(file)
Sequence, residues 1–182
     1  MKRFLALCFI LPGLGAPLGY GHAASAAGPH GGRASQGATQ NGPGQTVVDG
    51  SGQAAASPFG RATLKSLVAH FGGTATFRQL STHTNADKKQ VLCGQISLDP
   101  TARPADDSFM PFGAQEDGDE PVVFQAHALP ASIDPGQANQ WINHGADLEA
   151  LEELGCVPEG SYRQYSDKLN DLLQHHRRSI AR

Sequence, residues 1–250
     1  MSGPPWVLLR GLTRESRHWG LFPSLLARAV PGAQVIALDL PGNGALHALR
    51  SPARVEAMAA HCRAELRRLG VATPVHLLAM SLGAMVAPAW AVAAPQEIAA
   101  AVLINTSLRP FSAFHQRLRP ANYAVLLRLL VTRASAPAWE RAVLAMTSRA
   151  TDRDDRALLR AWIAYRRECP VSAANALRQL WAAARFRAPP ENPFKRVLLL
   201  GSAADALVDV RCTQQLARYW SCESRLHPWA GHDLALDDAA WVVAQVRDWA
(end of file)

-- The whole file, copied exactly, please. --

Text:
Sequence, residues 1–182
     1  MKRFLALCFI LPGLGAPLGY GHAASAAGPH GGRASQGATQ NGPGQTVVDG
    51  SGQAAASPFG RATLKSLVAH FGGTATFRQL STHTNADKKQ VLCGQISLDP
   101  TARPADDSFM PFGAQEDGDE PVVFQAHALP ASIDPGQANQ WINHGADLEA
   151  LEELGCVPEG SYRQYSDKLN DLLQHHRRSI AR

Sequence, residues 1–250
     1  MSGPPWVLLR GLTRESRHWG LFPSLLARAV PGAQVIALDL PGNGALHALR
    51  SPARVEAMAA HCRAELRRLG VATPVHLLAM SLGAMVAPAW AVAAPQEIAA
   101  AVLINTSLRP FSAFHQRLRP ANYAVLLRLL VTRASAPAWE RAVLAMTSRA
   151  TDRDDRALLR AWIAYRRECP VSAANALRQL WAAARFRAPP ENPFKRVLLL
   201  GSAADALVDV RCTQQLARYW SCESRLHPWA GHDLALDDAA WVVAQVRDWA